new ResponseOptions({ status: 200, body: { token: 'fake-jwt-token' } })
                } else {
                    connection.mockRespond(new Response(
                        new ResponseOptions({ status: 200 })

            // fake users api end point
            if (connection.request.url.endsWith('/api/users') && connection.request.method === RequestMethod.Get) {
                // check for fake auth token in header and return test users if valid, this security is implemented server side
                // in a real application
                if (connection.request.headers.get('Authorization') === 'Bearer fake-jwt-token') {
                    connection.mockRespond(new Response(
                        new ResponseOptions({ status: 200, body: [testUser] })
                } else {
                    // return 401 not authorised if token is null or invalid
                    connection.mockRespond(new Response(
                        new ResponseOptions({ status: 401 })

        }, 500);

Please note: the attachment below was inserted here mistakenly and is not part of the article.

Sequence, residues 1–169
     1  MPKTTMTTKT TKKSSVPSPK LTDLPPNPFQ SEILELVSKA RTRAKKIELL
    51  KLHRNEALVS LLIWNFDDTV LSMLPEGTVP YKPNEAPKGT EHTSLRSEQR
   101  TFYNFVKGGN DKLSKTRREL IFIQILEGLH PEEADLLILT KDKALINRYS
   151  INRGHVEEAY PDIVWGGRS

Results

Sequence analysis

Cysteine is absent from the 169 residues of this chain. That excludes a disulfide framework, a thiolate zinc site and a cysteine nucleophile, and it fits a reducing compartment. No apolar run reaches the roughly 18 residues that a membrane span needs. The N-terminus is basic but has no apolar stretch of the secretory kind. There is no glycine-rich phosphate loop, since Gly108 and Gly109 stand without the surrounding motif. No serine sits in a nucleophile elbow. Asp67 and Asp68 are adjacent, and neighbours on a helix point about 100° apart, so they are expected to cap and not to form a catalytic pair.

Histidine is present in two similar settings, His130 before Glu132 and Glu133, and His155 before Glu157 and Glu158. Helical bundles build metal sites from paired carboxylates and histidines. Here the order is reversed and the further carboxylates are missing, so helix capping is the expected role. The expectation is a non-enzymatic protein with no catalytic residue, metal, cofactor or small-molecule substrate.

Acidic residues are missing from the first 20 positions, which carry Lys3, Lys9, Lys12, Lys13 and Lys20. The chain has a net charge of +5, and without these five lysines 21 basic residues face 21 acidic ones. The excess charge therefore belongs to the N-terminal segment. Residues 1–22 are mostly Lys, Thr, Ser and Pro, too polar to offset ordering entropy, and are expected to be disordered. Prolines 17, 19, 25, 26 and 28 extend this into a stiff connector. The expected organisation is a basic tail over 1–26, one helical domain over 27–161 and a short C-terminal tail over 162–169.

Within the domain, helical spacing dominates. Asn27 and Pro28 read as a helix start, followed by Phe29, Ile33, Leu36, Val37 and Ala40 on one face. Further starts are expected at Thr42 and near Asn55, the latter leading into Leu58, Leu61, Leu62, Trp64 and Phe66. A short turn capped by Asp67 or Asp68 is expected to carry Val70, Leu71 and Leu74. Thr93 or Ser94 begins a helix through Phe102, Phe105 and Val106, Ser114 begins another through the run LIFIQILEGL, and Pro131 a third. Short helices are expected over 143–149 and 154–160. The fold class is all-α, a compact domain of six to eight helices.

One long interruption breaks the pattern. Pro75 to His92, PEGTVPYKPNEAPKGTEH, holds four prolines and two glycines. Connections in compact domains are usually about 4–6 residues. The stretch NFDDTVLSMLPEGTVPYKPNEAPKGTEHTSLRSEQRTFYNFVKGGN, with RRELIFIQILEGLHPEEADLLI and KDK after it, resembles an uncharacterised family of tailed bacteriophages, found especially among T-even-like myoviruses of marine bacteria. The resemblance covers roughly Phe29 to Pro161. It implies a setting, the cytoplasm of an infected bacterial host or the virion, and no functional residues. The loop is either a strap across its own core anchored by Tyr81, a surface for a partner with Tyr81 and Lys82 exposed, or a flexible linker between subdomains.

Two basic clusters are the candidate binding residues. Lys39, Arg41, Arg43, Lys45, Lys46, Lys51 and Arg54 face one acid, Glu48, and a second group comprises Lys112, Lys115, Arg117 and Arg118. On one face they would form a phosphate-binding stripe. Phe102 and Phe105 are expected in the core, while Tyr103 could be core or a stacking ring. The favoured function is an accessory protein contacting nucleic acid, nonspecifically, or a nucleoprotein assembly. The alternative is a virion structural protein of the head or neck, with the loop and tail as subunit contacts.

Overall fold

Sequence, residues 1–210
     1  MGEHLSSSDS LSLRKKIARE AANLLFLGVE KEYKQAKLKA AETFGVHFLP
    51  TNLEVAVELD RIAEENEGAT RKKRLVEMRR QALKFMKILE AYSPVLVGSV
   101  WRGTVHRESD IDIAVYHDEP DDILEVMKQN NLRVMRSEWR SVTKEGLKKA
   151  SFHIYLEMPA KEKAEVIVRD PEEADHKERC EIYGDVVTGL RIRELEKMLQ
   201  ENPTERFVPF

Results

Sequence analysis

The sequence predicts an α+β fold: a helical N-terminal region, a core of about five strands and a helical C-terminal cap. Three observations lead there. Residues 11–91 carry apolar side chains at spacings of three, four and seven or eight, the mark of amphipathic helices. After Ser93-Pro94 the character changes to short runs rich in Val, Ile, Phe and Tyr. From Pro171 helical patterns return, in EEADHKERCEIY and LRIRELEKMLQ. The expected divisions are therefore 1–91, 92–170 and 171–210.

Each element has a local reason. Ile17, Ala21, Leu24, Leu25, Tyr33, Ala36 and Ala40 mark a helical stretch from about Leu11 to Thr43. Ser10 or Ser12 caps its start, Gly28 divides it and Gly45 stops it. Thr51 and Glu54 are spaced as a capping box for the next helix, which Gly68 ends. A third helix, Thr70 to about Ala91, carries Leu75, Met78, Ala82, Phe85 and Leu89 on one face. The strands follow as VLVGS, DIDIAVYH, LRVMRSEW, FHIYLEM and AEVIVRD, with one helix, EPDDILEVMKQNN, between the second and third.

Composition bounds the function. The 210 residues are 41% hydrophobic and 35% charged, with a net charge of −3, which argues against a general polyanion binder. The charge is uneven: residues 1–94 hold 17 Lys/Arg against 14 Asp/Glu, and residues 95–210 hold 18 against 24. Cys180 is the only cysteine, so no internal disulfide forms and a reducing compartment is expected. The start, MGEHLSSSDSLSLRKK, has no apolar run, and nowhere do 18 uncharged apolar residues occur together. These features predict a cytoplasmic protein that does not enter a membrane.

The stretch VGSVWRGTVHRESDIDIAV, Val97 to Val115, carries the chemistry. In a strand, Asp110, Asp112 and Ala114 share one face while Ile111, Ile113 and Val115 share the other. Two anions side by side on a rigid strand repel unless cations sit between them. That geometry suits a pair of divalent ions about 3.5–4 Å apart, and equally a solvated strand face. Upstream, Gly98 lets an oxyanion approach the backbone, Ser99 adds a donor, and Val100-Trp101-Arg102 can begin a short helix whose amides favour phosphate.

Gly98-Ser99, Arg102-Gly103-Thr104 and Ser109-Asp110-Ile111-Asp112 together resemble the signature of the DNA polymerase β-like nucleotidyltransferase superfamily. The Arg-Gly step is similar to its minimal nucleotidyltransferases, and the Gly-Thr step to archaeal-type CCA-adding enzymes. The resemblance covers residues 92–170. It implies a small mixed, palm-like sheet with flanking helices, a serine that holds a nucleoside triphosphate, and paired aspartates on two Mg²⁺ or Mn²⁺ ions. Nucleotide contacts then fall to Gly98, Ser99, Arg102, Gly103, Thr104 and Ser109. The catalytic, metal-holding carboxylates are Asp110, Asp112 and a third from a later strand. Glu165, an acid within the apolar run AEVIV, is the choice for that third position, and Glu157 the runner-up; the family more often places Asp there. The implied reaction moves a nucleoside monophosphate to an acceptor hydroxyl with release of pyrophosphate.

return new Http(backend, options);

export let fakeBackendProvider = {
    // use fake backend in place of Http service for backend-less development
    provide: Http,
    useFactory: fakeBackendFactory,
    deps: [MockBackend, BaseRequestOptions]

Angular 2 User Model

Path: /app/_models/user.ts

The user model is a small class that defines the properties of a user.

export class User {
    username: string;
    password: string;
    firstName: string;
    lastName: string;

Angular 2 JWT Authentication Service

Path: /app/_services/authentication.service.ts

The JWT authentication service is used to login and logout of the application, to login it posts the users credentials to the api and checks the response for a JWT token, if there is one it means authentication was successful so the user details are added to local storage and the token saved to the AuthenticationService.token property. The token property is used by other services in the application to set the authorization header of http requests made to secure api endpoints.